Aside from the therapy provided by its preparation, the pesto also doesn’t require a food processor. I’m touting that as a perk, but at the time, I thought the lack of food processor in Tor’s kitchen was an obstacle standing between me and pesto-coated strands of pale yellow, steamy squash. Then I realized: pesto has probably been around longer than food processors. So I got to work with one of my favorite kitchen tools: my chef’s knife. Plus, and very beneficially, a fine grater for some lemon zest and parmesan cheese. The thick, herby pesto came together so beautifully that I may never need my food processor again (lies). Unlike jarred pesto, which has its place during a frenzied work week or busy holiday season, you know this one is fresh. You can taste that it’s fresh given that first pop of bright lemony tang. You’ve heard it all over Food Network and every food periodical, but the key to a good dish is balance of flavors. It only makes sense, then, that the zippy lemon works well with sweet, mellow, slightly crunchy squash; earthy, tender mushrooms; salty parmesan cheese; and luxurious olive oil. Taking a little time to slow down, hand grate cheese, chop the living daylights out of your favorite herb, and find some release in demo-ing nuts with a rolling pin couldn’t be more rewarding. Keep things simple and mix the components all together in a single skillet (bonus points if you can come up with a way to roast the squash in that same pan). For extra visual appeal and some added fun, top with shredded mozzarella and broil until golden.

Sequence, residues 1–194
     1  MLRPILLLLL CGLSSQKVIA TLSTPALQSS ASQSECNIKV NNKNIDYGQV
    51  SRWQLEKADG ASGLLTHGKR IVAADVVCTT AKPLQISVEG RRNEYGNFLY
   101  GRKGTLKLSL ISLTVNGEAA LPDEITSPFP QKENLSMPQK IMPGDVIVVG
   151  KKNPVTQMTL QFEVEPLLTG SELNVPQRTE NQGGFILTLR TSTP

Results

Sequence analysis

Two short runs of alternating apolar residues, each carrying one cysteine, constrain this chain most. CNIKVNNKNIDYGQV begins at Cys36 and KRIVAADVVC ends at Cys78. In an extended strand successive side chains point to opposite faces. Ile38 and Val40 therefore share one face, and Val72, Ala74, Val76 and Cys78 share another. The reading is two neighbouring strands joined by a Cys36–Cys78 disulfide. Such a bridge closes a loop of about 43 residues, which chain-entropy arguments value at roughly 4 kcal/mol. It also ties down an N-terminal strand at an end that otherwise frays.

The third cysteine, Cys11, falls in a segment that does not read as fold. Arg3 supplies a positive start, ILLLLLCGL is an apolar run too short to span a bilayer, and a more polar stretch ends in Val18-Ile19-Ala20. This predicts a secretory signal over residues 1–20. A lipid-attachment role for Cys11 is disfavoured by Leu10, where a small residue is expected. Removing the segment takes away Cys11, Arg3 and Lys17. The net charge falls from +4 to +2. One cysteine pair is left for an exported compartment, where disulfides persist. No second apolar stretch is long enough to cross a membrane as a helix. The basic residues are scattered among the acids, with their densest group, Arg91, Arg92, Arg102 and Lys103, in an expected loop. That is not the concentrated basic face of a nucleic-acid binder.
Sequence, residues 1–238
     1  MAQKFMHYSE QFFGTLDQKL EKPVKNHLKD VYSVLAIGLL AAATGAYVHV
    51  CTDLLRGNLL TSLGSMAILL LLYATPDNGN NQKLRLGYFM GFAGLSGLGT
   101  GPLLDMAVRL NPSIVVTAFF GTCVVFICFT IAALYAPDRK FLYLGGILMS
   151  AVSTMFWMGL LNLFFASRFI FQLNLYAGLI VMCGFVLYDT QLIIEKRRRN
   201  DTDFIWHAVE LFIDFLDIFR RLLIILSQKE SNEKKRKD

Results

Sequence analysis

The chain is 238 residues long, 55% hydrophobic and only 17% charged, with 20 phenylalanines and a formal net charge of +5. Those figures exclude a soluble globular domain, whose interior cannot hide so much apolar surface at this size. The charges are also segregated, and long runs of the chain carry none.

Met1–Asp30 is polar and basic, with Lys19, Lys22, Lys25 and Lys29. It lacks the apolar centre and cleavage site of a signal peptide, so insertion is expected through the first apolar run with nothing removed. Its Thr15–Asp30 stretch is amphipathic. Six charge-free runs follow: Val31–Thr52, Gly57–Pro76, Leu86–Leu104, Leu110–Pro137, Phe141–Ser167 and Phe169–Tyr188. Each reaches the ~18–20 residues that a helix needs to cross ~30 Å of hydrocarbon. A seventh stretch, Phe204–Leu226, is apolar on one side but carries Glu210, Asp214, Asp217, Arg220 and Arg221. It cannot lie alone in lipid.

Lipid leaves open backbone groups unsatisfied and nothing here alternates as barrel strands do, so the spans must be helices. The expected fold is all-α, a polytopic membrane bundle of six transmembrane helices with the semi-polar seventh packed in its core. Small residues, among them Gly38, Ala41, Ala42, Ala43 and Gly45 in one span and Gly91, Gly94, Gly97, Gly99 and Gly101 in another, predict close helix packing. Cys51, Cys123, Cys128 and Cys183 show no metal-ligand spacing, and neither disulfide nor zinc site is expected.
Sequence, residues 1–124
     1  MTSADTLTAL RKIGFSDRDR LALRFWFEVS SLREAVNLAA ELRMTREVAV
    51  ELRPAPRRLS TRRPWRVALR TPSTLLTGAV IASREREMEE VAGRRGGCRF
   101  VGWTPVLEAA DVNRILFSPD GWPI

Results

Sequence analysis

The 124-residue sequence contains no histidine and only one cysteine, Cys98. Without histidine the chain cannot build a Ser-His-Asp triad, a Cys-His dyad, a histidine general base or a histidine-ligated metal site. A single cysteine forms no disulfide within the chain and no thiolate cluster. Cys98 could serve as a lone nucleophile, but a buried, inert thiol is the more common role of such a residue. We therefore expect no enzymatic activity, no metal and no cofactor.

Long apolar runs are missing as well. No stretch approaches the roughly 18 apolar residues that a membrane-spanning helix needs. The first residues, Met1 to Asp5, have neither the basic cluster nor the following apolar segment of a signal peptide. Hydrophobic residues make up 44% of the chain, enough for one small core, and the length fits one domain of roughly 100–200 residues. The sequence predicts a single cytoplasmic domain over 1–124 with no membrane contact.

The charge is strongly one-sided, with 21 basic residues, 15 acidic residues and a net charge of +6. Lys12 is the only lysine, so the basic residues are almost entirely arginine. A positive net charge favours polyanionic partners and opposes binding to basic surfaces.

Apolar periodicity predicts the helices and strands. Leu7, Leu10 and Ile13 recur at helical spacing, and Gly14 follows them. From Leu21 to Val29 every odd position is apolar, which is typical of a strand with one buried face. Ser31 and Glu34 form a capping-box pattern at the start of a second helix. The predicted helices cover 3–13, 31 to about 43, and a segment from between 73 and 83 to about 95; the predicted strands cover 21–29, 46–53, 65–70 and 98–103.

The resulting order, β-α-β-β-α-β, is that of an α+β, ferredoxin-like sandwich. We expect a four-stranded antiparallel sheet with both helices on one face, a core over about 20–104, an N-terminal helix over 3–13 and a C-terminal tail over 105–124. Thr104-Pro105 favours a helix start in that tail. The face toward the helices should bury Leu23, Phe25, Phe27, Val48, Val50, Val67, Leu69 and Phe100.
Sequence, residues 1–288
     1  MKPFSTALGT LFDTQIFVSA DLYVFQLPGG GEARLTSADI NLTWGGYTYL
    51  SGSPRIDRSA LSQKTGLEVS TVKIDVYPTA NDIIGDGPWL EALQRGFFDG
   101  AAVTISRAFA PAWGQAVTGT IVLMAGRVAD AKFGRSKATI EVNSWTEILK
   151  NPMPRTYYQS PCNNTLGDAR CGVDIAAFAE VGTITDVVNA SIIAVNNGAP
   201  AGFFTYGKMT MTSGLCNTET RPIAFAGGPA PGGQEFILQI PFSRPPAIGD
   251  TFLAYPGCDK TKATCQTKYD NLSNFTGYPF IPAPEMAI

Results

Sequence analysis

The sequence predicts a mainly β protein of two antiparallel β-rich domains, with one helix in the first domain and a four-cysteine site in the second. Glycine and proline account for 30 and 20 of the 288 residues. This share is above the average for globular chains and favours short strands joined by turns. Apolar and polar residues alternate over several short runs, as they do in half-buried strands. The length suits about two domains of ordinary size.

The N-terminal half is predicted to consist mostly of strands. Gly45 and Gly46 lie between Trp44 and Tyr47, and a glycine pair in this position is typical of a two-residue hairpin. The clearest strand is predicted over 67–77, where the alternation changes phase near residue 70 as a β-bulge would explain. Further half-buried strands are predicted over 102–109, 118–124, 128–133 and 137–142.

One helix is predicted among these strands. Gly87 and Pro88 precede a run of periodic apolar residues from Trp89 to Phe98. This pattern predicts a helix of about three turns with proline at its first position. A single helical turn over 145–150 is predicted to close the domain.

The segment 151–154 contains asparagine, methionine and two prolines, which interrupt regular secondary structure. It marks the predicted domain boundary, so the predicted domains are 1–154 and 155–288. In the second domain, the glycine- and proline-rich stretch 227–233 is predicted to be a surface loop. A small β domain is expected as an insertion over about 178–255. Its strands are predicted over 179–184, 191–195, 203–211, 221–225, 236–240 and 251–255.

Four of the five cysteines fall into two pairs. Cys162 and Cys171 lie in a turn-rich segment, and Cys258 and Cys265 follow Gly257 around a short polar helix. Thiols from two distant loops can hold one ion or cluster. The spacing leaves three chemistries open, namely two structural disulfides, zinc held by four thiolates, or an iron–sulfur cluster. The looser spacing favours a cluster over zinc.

Depending on your appetite, and whether your body is accustomed to fueling with gluten-free, vegetarian food, you can play with the quantities below–they’re flexible. For me, a fourth of the below recipe is enough for dinner, but Steve ate about half the pan before he got full. For a house full of adolescents, I might double the recipe. You can easily get away with fewer mushrooms and less pesto for the same amount of squash, too. Maybe you want to save some of the pesto for a soup or other dish–it’s up to you. From what I’ve found, leftovers keep well for at least a couple of days, but I wouldn’t recommend freezing because of the high water content of the squash. Allowing the squash strands to drain in a colander while you finish the other components isn’t essential, but it will make leftovers much less soggy (or, as I’ve discovered, not soggy at all). For the prep-time conscious, the entire dish can be readied while the squash roasts. Yes, if you’re starving, chopping your own pesto can seem tedious, but you have to do something while the squash cooks, and it’s either playing with kitchen tools or folding laundry. While the point of the recipe is kind of the delicious pesto, if you just do not have the time or desire to chop a bunch of parsley into miniscule particles by hand, I think the combination will still be yummy using jarred pesto and a squeeze of fresh lemon juice.